|Levin J. Marvel|
If asked to name the deadliest shipwrecks in Chesapeake Bay history, a person’s mind might jump to the 1800s or earlier, when ships were the most common way to transport goods and people long distances.
But the shipwreck that saw one of the Bay’s largest losses of life happened just 68 years ago, and a survivor is coming forward this month to recount the experience.
The Levin J Marvel, a schooner that took passengers out for pleasure cruises, was on a weeklong summer cruise in 1955 when Hurricane Connie, a Category Four storm, came up the Bay. The schooner sought shelter in Herring Bay, but it wasn’t enough to protect the people aboard.
On Aug. 12, 1955, the hurricane’s gale-force winds broke the Marvel apart just a quarter-mile from shore. Of the 27 people on board, 14 died. 13 others, including four crew members, were rescued. Citizens of nearby North Beach and Chesapeake Bay went to great lengths to rescue the shipwrecked victims, even forming a human chain along the jetty at Fishing Creek amid ship debris, according to the Bayside History Museum.
One of those rescued was 16-year-old John Ferguson, who had boarded the Marvel for a summer vacation with his father. His father was among the 14 who didn’t make it.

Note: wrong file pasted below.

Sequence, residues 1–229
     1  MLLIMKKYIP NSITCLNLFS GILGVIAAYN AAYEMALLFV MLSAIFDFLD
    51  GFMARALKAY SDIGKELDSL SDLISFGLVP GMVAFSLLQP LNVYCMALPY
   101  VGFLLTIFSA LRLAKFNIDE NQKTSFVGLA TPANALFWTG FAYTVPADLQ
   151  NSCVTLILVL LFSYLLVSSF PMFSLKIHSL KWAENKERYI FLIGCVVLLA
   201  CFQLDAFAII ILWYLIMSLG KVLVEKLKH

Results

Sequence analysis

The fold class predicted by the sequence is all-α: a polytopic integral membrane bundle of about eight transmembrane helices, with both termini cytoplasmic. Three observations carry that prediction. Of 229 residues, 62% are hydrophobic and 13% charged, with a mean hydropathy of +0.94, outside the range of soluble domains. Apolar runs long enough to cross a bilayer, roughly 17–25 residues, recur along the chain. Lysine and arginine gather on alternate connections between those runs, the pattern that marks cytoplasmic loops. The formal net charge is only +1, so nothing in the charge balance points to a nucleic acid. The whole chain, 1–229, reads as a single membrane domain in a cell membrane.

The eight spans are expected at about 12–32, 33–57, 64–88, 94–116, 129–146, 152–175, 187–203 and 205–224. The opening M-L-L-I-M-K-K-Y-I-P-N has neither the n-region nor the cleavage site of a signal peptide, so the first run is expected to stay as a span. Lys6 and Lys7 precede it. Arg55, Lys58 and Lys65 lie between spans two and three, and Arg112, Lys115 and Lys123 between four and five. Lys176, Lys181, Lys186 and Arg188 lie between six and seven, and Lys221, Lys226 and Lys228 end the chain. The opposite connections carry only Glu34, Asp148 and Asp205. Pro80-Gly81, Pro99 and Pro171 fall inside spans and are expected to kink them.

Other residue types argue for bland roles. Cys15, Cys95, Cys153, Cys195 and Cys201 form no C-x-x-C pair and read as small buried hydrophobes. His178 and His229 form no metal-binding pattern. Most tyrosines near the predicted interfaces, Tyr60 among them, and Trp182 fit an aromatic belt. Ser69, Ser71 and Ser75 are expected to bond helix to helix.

The Marvel was a three-masted 125-foot ram schooner built in 1891. It was built with a shallow draft for hauling cargo through the C&D Canal and repurposed as a pleasure cruise boat in 1945. After it tragically wrecked, the Coast Guard investigation found lacked adequate lifesaving equipment, disregarded weather forecasts and suffered from wood rot. It had apparently never been certified for passenger service. Its sinking prompted regulatory changes in the oversight of small passenger vessels.
Hmm, ignored the weather forecast, had inadequate safety gear, and wood rot. First I've heard of this wreck. But I remember the wreck of the El Toro II in 1993. Some things never change.